Because what else was on the rise in the thirteen years between 1992 and 2005? Access to pornography.
Some research suggests that frequent viewing of pornography warps the way we think about real-life sex (well, duh). In this case, people are more likely to believe that their (literal and figurative) neighbors are having anal sex because it’s become so mainstream in pornography. Same with threesomes.
But the truth is: Not as many people are doing it as you might think.
MYTH #5: Most men have had a ton of partners.
DEBUNKED: Men report an average of 6-8 female sexual partners in their lifetime.
Given, The Kinsey Institute is quoting data of 30-44 year old men, so it’s possible that younger men are having more sex, and it’s also possible that these fellas will have more partners before the end of their lives.
But we’re still a long way away from the 20+ that people seem to think men average.
But although 56% of men have had five or more partners, an entire one-fifth of American men have only had one sexual partner in their lifetime.
So, in short: It varies!
Want more information on our sexual bodies and why and how they do the things they do? Check out the What’s Happening to My Body? book series by Madaras. Sure, they’re technically written for children-turned-almost-teenagers that are going through puberty, but the books – which are split into “For Boys” and “For Girls” – serve as a great foundation if you want to start there.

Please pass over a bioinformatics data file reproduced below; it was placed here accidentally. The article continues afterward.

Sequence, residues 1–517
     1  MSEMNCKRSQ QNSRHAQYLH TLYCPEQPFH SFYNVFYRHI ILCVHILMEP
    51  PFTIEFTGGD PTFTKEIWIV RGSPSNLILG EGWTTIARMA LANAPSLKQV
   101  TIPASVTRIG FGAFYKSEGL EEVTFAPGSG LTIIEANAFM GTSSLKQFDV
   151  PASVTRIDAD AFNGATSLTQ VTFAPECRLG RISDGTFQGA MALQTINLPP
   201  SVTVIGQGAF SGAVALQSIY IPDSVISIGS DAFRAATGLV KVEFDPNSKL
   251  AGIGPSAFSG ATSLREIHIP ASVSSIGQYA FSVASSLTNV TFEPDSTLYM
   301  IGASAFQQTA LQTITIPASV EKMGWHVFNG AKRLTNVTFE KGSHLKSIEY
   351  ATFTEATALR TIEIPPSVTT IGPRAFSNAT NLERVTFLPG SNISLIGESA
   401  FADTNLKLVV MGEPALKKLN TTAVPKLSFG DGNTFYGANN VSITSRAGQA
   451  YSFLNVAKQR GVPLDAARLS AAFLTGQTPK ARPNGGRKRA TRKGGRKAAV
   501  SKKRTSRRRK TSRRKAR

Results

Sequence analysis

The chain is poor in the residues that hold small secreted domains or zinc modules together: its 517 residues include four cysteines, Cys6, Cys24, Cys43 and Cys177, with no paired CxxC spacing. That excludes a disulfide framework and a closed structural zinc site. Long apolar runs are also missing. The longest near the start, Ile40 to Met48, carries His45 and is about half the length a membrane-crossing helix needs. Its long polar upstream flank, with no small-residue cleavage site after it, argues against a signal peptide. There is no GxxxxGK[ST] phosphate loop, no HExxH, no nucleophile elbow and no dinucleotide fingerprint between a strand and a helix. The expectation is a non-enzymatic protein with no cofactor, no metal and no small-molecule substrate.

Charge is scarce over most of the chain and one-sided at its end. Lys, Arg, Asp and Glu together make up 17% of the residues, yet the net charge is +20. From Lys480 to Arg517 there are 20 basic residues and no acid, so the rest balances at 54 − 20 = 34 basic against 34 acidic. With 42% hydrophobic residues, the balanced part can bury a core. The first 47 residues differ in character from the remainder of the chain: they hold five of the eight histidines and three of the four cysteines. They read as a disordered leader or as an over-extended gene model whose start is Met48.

Looking for something a little more grown-up? The Guide to Getting It On by Joannides is not only hugely comprehensive, it’s really witty, too. With chapters covering everything from anatomy and physiology to positions and sexual situations, it’s the only guide you’ll ever need – and an amazing resource.
And hey, the next time someone tries to sell you a locker room myth as truth, call them out on it.
It’s the ultimate Teachable Moment.
Melissa A Fabello is the Editor at Everyday Feminism. She’s a feminist blogger and vlogger, as well as an online peer sex educator, based out of Philadelphia. Along with Everyday Feminism, Melissa also currently works with Miss Representation, Adios Barbie, and Laci Green’s Sex+ community. She is a second-year graduate student, working on an M.Ed. in Human Sexuality. She can be reached on Twitter @fyeahmfabello. Read her articles here and book her for speaking engagements here.